I doubt I will be alone in actually ‘discovering’ Judy Collins in the twilight of her glittering career; but while I knew her from her singles in the 1970’s I’ve been lucky enough to have been ‘forced’ to listen to her last four albums for review purposes and it’s been an absolute joy from start to finish.

Released February 25th 2022

USA https://cleorecs.com/store/shop/judy-collins-spellbound-cd/

Europe https://www.juno.co.uk/products/judy-collins-spellbound/861729-01/

Malcolm Holcombe TRICKS OF THE TRADE

Malcolm Holcombe
Tricks of The Trade
Need To Know Music

Warm, World Weary, Thoughtful and ….. as Dangerously Honest as Ever.

Q) When is a new release, not a new release?
A) If it’s been released before.

But, if; as in this case something was released as a Limited Edition LP; just before the artist took seriously ill, therefore delaying the CD/Downloads coming out; and an unrelated pandemic stopped any promotion and an accompanying tour can take place; would that mean we can count TRICKS OF THE TRADE as a new release?
YES is my answer.
Mercifully Malcolm has come through his operation uncommonly well and I can now breathe a sigh of relief and treat this as ‘just another’ of his releases.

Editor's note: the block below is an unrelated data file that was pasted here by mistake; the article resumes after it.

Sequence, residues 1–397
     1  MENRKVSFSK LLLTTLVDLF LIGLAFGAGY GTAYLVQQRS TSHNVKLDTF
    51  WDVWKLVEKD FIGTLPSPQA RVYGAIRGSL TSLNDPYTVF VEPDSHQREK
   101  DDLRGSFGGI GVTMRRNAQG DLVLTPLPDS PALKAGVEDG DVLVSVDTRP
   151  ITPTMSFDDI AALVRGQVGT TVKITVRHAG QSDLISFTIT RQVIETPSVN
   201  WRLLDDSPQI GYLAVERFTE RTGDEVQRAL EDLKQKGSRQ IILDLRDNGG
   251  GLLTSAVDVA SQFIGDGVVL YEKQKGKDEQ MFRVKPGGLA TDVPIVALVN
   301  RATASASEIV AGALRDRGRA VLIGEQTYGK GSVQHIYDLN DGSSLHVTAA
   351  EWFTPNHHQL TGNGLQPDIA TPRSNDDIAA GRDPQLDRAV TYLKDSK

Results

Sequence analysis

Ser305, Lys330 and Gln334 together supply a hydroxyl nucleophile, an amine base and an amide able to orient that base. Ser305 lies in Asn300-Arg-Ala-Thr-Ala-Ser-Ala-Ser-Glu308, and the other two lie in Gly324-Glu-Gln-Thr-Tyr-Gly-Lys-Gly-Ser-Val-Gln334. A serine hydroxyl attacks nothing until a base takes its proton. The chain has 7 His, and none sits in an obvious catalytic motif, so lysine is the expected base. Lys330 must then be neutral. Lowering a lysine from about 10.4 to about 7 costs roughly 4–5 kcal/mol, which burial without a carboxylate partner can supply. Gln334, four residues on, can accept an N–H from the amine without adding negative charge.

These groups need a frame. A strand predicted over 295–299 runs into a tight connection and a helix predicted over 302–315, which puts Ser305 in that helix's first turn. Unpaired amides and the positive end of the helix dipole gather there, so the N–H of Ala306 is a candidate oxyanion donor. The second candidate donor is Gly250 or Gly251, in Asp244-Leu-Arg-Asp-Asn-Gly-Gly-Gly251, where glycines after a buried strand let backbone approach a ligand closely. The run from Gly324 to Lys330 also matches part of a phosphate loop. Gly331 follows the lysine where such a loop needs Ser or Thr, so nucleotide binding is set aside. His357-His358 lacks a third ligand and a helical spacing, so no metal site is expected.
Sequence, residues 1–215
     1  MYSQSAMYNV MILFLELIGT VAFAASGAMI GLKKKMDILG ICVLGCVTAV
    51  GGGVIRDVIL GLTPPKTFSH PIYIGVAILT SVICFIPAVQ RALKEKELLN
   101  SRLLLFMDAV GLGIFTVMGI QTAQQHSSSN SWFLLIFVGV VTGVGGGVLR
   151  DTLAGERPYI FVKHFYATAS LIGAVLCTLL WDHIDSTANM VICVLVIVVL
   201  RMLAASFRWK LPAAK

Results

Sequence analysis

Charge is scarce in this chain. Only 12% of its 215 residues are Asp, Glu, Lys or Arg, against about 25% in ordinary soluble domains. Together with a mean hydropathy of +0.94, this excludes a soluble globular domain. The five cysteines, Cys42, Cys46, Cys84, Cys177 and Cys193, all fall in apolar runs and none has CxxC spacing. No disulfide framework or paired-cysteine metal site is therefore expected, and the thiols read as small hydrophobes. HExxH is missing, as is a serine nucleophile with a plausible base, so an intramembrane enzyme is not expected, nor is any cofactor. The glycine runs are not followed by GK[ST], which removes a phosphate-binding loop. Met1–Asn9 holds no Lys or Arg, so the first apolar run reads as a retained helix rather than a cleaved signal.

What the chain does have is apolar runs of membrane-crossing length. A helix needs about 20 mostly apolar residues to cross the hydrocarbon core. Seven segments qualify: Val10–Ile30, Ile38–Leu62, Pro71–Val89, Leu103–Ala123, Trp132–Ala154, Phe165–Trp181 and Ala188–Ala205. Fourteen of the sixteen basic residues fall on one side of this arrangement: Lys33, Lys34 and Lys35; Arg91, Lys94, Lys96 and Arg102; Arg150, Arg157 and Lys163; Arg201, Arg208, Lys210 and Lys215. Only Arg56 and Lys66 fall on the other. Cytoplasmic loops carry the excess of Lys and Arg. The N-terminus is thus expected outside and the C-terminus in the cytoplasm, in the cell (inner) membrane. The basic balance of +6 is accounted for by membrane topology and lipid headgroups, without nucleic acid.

Money Train which opens the album finds our hero in his trademarked ‘piss n vinegar’ angry at the moneymen who rule the world mode; and boy can he write and perform something like this without sounding ‘worthy’ or ‘earnest’ ….. he just ‘speaks for the common man and woman.’
God Bless Him.
I forget how many albums Malcolm Holcombe has previously released; but in recent years he’s had something of an epiphany; writing better than ever; and this album has some belters on it.
Crazy Man Blues and the title track Tricks of the Trade are as good and eminently as ‘listenable’ as anything I’ve heard from the singer in the last 15+ years; and when you finally get to hear Your Kin and Good Intentions you will think you are listening to someone who is evoking the ghost of Townes Van Zandt; and to some great extent he is.
Malcolm has been around long enough not to really need comparisons; but I can’t hear him now without thinking he’s carrying that very torch better and longer than anyone else.
Traditionally a Folk Singer at heart; the arrangements are very sympathetic to Malcolm’s voice of course; but on many songs he transcends Americana and goes seamlessly into Alt. Country with the greatest of ease; especially noticeable on Damn Rainy Day and the magnificent On Tennessee Land; which is the type of song Johnny Cash would have given his eye-teeth for during the American Album series.